have had something to do with them being in another language, but they were fun to sing. I don't particularly
enjoy singing hymns on the rare occasions that I'm in church, but then a lot of those are pretty boring.
There is plenty of spiritual classical music that I enjoy, but the words, if any, are often in
other languages. Ultimately it is the quality of the music rather than the message that tends to move
me. I can be moved by lyrics, but generally because they reflect my mood or inclinations.
I recorded the session on my Zoom H4.
It was not ideally placed on the floor with a small tripod, but worked pretty well. I then had the challenge of editing over
an hour of material to extract the songs for people to listen back to. I've done some previous editing with
Sweep, but that was very slow and took up most of my memory.
Ardour would not even load the MP3 file, but that may be due to a lack of add-on. I didn't try
Audacity at first as I have been having issues with getting
sound on play-back, but this time it worked and was very easy to use. I noticed that it used a minimal
amount of memory. I just did the basics of cutting out the songs and saving each as a file without playing
around with effects, but that is something I need to experiment with. It's not something I have ever done much
with. I need to find time to check out some of the tutorials out there, but I expect there is no
substitute for experience. There is an interesting set of screencasts
on using Ardour.
Whilst writing this up I have been listening to free tracks from the new
Byrne/Eno album and bassist
Kev Cooke. All good stuff.
Wed, 30 Jul 2008
Back to Bassics
I'm a bit knackered after a late night/early start/long day sequence, but here goes with another exciting
post for my loyal reader.
Last night I returned to Darbuka for another gig by bassist Steve Lawson and
singer Lobelia accompanied by drummer
Ray Dodds. Support
was again from ukulele strumming social media man Lloyd Davis playing
some great old songs.
This time Lobelia and Steve each did some solo songs. Lo used some very night (bare) footwork to loop her
guitar and voice. One song was pure voice and wonderful to hear. Steve gig a great cover of
She Sells Sanctuary (on the seashore).
Ray joined in with some great drumming and percussion on assorted hardware. Finally they all played together,
which lent a new flavour to songs I feel I already know well. I chatted to them all as well as another
bassist, Simon Little, who I met via Twitter and sat with during the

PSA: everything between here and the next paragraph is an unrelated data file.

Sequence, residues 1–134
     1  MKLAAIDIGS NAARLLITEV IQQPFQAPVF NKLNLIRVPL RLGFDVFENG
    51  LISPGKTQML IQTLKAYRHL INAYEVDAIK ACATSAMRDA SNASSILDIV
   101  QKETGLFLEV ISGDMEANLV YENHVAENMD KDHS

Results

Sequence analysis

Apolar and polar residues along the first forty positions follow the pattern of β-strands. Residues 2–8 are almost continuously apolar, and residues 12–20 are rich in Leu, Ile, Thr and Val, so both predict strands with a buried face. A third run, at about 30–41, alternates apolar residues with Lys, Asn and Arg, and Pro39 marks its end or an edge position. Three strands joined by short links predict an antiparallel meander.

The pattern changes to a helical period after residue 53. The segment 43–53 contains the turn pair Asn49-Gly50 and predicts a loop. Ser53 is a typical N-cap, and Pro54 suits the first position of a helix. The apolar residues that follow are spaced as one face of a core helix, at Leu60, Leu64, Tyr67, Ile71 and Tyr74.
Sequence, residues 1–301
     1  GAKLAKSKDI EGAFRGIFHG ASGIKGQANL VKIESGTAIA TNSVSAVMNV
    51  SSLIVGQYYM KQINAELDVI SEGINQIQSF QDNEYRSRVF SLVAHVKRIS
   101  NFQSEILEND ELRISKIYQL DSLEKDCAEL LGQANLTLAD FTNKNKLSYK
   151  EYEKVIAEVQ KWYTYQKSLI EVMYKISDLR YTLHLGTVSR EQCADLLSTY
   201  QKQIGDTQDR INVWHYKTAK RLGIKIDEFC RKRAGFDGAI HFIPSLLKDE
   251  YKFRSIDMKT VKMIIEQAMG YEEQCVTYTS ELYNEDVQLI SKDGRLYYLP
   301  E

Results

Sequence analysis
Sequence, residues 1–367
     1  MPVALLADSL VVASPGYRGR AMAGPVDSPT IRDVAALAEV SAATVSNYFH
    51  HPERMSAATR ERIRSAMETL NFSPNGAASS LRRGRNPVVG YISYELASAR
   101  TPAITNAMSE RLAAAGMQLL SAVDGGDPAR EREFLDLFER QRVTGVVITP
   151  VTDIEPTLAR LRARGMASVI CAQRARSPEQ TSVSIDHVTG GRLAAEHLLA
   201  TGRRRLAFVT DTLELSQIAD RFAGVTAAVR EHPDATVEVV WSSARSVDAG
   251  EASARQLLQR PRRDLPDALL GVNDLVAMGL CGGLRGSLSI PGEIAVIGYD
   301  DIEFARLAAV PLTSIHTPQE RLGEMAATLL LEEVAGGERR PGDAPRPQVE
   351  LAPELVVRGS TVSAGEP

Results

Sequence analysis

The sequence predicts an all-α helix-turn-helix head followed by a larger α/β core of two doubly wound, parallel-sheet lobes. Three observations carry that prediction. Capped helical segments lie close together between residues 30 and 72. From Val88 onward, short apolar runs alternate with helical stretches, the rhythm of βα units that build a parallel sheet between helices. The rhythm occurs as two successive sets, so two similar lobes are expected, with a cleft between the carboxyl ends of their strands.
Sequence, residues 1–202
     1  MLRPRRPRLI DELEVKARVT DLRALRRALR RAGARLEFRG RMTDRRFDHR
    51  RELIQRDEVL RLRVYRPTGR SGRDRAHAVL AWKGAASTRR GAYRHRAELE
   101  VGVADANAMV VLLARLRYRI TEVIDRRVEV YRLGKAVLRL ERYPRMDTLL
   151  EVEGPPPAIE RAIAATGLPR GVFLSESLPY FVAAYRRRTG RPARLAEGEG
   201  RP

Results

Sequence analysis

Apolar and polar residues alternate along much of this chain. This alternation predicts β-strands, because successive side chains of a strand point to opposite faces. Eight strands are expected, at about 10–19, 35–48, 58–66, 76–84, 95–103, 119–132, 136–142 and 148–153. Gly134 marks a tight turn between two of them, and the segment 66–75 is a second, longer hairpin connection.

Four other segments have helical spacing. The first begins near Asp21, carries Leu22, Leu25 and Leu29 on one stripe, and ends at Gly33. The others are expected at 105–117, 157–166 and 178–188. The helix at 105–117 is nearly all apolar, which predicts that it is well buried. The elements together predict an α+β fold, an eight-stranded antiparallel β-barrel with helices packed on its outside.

gig. He's played with some well known acts and is doing his own solo work that I just obtained from his free
podcast and am enjoying now.
I bought Lobelia's solo CD from a few years back. It features some songs I've heard live, but in much
more conventional arrangements. I have to say I prefer them as performed now. I look forward to some more
I had some cool musical experiences on the internet over the last week. Firstly I watched Steve,
Lobelia and others perform at another gig via a live video stream on Ustream.tv. This included a chat
forum where I could exchange messages with other viewers and people at the gig. That was fun. A
recording of the gig is up now. This was followed
on Sunday by them performing some songs at home and uploading them to
Phreadz where others (with beta access) could post video
replies. That was enjoyable too, despite some technical issues.
At work the other day a friend lent me a CD by Martin Simpson.
Nice bit of folk with nifty guitar playing. I used QCD on my Windows PC
and it did its usual thing of posting the tracks to Last.fm.
I subscribe to an RSS feed there of gigs within a reasonable distance. Within an hour it included some
of his. Sites like Amazon recommend music etc based on what you buy, but this was based on what I was
listening to and with less commercialisation. I doubt I will go, but others would find that information
useful. I've been alerts to gigs I have attended via this service. Each gig has a page where people can post
comments and link to pictures etc. I've been on Last.fm for over four years and just clocked up 20,000
tracks. That's what I have listened to on the computers, but I do most of my listening like that. I often
use their music streaming services to find new stuff. I was on one based around what people who listen to
ELO like when I passed 20k.
My last cool musical link of the week is King Crimson Live.
You can buy downloads of various concerts, but they also give away the odd track via a podcast called
Hot Tickle. Cool or not I love a good bit of Prog.